A comparison of higher-order finite-difference shock capturing schemes

Christoph Brehm, Michael F. Barad, Jeffrey A. Housman, Cetin C. Kiris

Research output: Contribution to journalArticlepeer-review

69 Scopus citations


The efficiency of computational fluid dynamics simulations can be greatly enhanced by employing higher-order accurate numerical schemes which provide superior accuracy for a given cost. For unsteady turbulent flow simulations involving shocks, contacts, and/or material discontinuities, various higher-order shock capturing schemes are available in the literature. The desired numerical scheme should be free of spurious numerical oscillations across discontinuities and it should obtain higher-order accuracy in smooth flow regions in an efficient manner. Sufficient robustness is necessary for effectively utilizing these numerical methods in engineering and science applications. Three classes of higher-order shock capturing schemes are compared in this paper: (1) central finite-difference schemes with explicit artificial dissipation, (2) a compact centered finite-difference scheme with localized artificial diffusivity and (3) weighted essentially non-oscillatory schemes in both explicit and compact finite difference forms. Multiple variations of these methods were implemented and tested using a block-structured Cartesian mesh solver. The current paper assesses shock capturing capabilities as well as effects on the accuracy in smooth flow regions using a variety of test cases that range from canonical shock problems to homogeneous isotropic turbulence at a turbulent Mach number of 0.5 where shocklets are formed. Finally, a computational cost breakdown for each scheme is provided and the overall computational efficiency of the different schemes are compared to each other.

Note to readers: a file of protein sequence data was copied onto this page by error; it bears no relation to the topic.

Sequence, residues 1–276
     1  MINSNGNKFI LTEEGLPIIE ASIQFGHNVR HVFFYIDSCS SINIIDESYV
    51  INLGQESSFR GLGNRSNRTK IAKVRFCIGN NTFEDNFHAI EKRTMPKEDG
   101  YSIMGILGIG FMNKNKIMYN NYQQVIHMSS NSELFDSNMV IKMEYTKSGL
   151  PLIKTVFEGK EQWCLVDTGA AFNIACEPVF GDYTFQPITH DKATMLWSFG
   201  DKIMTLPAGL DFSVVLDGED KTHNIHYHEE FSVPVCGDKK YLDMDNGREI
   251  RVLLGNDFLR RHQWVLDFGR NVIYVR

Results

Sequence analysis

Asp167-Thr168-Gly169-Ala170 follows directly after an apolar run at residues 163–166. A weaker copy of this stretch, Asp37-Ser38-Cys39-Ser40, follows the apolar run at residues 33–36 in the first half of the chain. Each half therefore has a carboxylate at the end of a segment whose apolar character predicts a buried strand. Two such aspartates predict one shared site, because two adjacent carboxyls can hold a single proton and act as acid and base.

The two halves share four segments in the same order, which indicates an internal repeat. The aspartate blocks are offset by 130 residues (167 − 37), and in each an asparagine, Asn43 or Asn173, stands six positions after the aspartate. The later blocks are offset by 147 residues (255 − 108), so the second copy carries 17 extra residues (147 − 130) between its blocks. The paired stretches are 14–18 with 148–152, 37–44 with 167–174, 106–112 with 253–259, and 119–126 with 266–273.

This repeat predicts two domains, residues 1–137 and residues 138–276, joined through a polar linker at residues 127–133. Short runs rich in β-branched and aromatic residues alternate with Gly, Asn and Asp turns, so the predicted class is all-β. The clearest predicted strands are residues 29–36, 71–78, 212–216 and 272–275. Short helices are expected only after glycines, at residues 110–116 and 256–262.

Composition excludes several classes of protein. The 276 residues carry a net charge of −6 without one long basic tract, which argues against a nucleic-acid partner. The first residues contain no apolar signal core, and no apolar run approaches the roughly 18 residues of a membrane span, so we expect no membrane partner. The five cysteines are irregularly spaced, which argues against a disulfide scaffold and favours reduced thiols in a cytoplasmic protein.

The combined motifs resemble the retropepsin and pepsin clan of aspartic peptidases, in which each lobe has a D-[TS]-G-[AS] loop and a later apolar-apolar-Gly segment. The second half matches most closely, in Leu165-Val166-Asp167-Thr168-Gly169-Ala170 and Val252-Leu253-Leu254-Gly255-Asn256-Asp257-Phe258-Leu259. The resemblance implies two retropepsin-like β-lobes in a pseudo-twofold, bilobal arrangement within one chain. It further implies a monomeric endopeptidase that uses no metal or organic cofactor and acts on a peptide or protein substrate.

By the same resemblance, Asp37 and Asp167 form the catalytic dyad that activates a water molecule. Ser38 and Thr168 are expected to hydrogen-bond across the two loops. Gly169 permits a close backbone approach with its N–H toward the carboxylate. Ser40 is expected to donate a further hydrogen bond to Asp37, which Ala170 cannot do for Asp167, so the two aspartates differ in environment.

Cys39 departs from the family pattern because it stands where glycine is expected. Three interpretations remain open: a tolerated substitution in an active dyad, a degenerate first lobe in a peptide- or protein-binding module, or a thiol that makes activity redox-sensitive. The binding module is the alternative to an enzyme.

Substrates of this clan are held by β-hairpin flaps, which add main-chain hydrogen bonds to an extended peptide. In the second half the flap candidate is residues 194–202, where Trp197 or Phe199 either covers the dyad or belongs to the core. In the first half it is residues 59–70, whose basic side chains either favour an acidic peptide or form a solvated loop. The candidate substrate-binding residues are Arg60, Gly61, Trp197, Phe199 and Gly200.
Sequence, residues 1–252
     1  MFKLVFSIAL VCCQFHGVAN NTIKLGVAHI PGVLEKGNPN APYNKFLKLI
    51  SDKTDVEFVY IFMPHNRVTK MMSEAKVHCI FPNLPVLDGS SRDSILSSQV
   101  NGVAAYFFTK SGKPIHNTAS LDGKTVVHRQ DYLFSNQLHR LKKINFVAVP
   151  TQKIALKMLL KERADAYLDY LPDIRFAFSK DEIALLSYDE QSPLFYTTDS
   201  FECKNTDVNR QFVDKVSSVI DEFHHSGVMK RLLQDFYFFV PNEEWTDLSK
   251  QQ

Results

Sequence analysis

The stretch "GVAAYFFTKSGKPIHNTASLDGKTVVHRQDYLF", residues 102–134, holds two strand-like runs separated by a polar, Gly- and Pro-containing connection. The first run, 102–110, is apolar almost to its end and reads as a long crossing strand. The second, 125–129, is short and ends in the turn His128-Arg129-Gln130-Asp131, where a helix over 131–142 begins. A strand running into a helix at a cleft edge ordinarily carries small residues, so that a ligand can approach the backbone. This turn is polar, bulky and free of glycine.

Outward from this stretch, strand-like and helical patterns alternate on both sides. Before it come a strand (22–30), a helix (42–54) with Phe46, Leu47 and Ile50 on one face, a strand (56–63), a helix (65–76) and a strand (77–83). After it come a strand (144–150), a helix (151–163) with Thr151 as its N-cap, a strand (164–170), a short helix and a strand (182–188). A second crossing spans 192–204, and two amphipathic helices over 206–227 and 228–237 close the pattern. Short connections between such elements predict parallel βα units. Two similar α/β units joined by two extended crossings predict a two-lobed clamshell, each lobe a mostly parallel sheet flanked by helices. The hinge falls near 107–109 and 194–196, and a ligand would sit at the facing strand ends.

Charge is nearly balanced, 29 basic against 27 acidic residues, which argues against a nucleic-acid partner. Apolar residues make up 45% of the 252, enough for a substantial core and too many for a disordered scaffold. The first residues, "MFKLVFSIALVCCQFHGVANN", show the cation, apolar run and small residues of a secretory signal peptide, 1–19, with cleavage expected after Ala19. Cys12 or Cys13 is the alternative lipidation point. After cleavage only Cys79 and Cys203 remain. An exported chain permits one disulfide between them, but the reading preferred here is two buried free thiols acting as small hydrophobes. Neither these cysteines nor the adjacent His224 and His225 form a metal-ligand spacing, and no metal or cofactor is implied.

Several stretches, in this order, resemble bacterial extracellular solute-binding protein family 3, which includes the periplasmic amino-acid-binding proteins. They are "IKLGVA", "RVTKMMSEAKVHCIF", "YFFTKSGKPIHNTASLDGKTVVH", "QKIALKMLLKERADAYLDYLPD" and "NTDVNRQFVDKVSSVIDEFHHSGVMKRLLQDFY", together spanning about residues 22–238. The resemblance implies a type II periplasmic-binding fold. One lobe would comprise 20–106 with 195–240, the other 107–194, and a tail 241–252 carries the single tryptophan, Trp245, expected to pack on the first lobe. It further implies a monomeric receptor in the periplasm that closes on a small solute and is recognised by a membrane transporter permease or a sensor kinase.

Original languageEnglish
Pages (from-to)184-208
Number of pages25
JournalComputers and Fluids
StatePublished - Nov 20 2015


  • Artificial dissipation
  • Finite difference
  • Higher order
  • Localized artificial diffusivity
  • Shock capturing
  • WENO

ASJC Scopus subject areas

  • Computer Science (all)
  • Engineering (all)


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